Date: June 22, 2005

When the Video Games Live tour kicks off on July 6 at the Hollywood Bowl in Los Angeles, audiences will get their first look at what promoters hope will finally dislodge game addicts from their couches long enough to go see a live show.

The 18-date tour will combine orchestral versions of videogame scores, a laser show, theatrical presentations of gaming characters, and an on-stage gaming competition for a spectacle that producers at Clear Channel Music Group think could represent a potentially lucrative new live event market. “The thing about Video Games Live is that it has something for everybody,” said Brad Wavra, touring vice-president for Clear Channel Music Group. “The video games appeal to gamers, and the music is beautiful and orchestral, so if you are a symphony fan it will allow you to share the experience with your children.” The idea for the tour was hatched by video game music composers Tommy Tallarico and Jack Wall (“Myst III: Exile,” “Splinter Cell”).

The duo hooked up with Clear Channel Music Group to promote the tour, which is being booked by the William Morris Agency's Marc Geiger, one of the co-founders of the Lollapalooza festival.”I get pitched stuff like this all the time,” said Geiger, who is a partner in the venture.”And this time it was a no-brainer. I think the videogame market is bigger than most people realize and the audience is fanatical. I know because I have two boys.” Tallarico and Wall came up with the idea more than three years ago, but Geiger said they couldn't get anyone to bite for a while because the partners they approached didn't see the potential.

Then when a limited -run show focused on the music from the “Final Fantasy” game had a successful outing last year, the pair's idea suddenly took flight and now Geiger said the partnership is hoping to do for live video game concerts what Lollapalooza did for U.S. touring festivals in the early 1990s. “This is a 'best of' version,” said Geiger of the show, which will present scores from such popular games as “Halo,” “Zelda,” “Metal Gear Solid,” “Warcraft” and “Myst” played by local symphony orchestras with choirs and a high energy light and LCD display on three giant screens.

Geiger hopes to attract between 4,000 and 6,000 fans to the shows and has modest expectations for the first outing. “It's like the first year of any business, we don't expect to do gangbusters,” he said. “But we will establish ourselves in the market and then it kicks in.”Tickets for the shows will range from $15 to $20 for lawn seats and $40 to $50 for pavilion seats, with a potential for additional price points that would include the opportunity to attend meet-and-greets with the composers.

For Geiger, the amphitheater tour was a chance to dip his fingers into the video game market, which sold $2.2 billion worth of merchandise in the United States in the first quarter of 2005 alone, according to the NPD Group market research firm, a nearly 25 percent increase over the same period in 2004. Clear Channel Music Group was so sold on the concept it entered into a joint venture with Tallarico and Wall 's Mystical Stone Entertainment to produce the show. “We're fully invested in this with Mystical Stone and we believe in this project having an unlimited lifespan,” said Wavra, who has already begun thinking about taking the show over seas in the future. “It was an opportunity for us to get in on the ground level. We wanted to be owners rather than renters.”

Though the first tour is currently booked into only Clear Channel venues to mitigate risk, Wavra said there are a number of non-CCE venues in discussion for additional dates. Wavra declined to discuss the start-up costs of the show – “significant, but not so much that we didn't think it was worth the risk” – or his expectations for grosses. In addition to music from 18 games played by local orchestras from each market, Wavra said the shows will feel “every bit like a rock concert,” with a light display created by rock concert veteran Bryan Hartley, video effects by Nocturne Productionsand a sound system created by the Clair Brothers.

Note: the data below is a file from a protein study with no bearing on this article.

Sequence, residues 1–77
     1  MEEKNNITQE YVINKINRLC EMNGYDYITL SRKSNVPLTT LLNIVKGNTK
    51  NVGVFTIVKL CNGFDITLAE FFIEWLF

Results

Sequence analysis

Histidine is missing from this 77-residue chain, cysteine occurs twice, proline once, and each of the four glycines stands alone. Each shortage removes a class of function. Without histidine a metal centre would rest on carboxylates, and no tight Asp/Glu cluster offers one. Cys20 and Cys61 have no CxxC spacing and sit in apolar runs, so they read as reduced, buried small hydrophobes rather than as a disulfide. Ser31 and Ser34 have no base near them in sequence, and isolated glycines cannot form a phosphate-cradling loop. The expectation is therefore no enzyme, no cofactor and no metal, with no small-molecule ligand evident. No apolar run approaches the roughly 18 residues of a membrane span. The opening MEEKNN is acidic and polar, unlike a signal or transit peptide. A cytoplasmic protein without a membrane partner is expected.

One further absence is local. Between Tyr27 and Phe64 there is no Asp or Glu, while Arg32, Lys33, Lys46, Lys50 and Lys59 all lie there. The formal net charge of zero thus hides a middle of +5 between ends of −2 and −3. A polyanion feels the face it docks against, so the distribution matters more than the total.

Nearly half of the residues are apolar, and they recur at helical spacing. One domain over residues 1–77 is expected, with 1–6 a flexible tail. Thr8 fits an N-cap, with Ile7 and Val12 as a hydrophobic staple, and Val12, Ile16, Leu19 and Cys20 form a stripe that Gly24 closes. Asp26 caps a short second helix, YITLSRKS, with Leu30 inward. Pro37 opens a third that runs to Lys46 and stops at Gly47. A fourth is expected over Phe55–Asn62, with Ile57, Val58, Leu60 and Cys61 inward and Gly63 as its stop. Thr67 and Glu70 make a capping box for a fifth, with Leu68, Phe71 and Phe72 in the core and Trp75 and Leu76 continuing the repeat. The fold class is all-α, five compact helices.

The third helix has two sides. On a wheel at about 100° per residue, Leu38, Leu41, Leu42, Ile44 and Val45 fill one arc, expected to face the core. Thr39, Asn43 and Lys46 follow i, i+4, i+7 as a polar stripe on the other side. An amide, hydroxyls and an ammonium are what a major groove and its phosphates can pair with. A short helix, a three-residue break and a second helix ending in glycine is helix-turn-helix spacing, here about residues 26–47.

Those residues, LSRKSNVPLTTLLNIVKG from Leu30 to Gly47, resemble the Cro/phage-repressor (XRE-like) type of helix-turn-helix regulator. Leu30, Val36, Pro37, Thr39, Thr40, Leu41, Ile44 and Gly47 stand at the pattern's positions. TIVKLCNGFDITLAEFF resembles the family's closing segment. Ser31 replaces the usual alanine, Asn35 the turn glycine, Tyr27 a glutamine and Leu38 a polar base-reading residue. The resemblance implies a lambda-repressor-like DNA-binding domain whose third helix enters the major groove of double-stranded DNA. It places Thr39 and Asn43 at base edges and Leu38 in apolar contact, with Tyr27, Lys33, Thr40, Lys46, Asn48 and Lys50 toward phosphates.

“The video game industry is so big and growing so fast we need to figure out how to integrate the video game experience with the live concert experience,” said Wavra. “So many kids are insulated in their houses playing games alone or online, if we can figure out a way to make it a social environment, we can bring new people to our amphitheaters and get us involved in an industry that's growing by leaps and bounds.” Both Wavra and Geiger said they hope that good word-of-mouth from this year's shows will help spread the word on the shows among their target audience, which is very active online. The upside to the project, Wavra said, is that video games are not typically language specific and they are played worldwide, so the project will rely not pop hits, but on the popularity of the games themselves. And with an infinite supply chain of new games, the show can be upgraded annually.

Once the show gets through its initial run, Wavra said the plan is to make it scalable so that it can play in larger theaters in the non-amphitheater season.The show will be marketed using traditional TV, radio and print ads, as well a sex tensive online marketing and plugs by Tallarico on his two programs on the G4 gaming TV network. Geiger said organizers are also contacting game publishers andusing their mailing lists to reach out to gamers, as well as distributing flyers and doing street marketing at comic and video game conventions.

As far as Geiger is concerned, after the initial run, selling gamers on the concept should be relatively easy. “We don't know the secret sauce yet,” he said. “But we look at it this way, it's a very scaleable event and the talent is the conductors and the games themselves and games don't need catering or a bus to travel.”

Interviewed for this story: Brad Wavra, (310) 689-1830; Marc Geiger, (310) 859-4425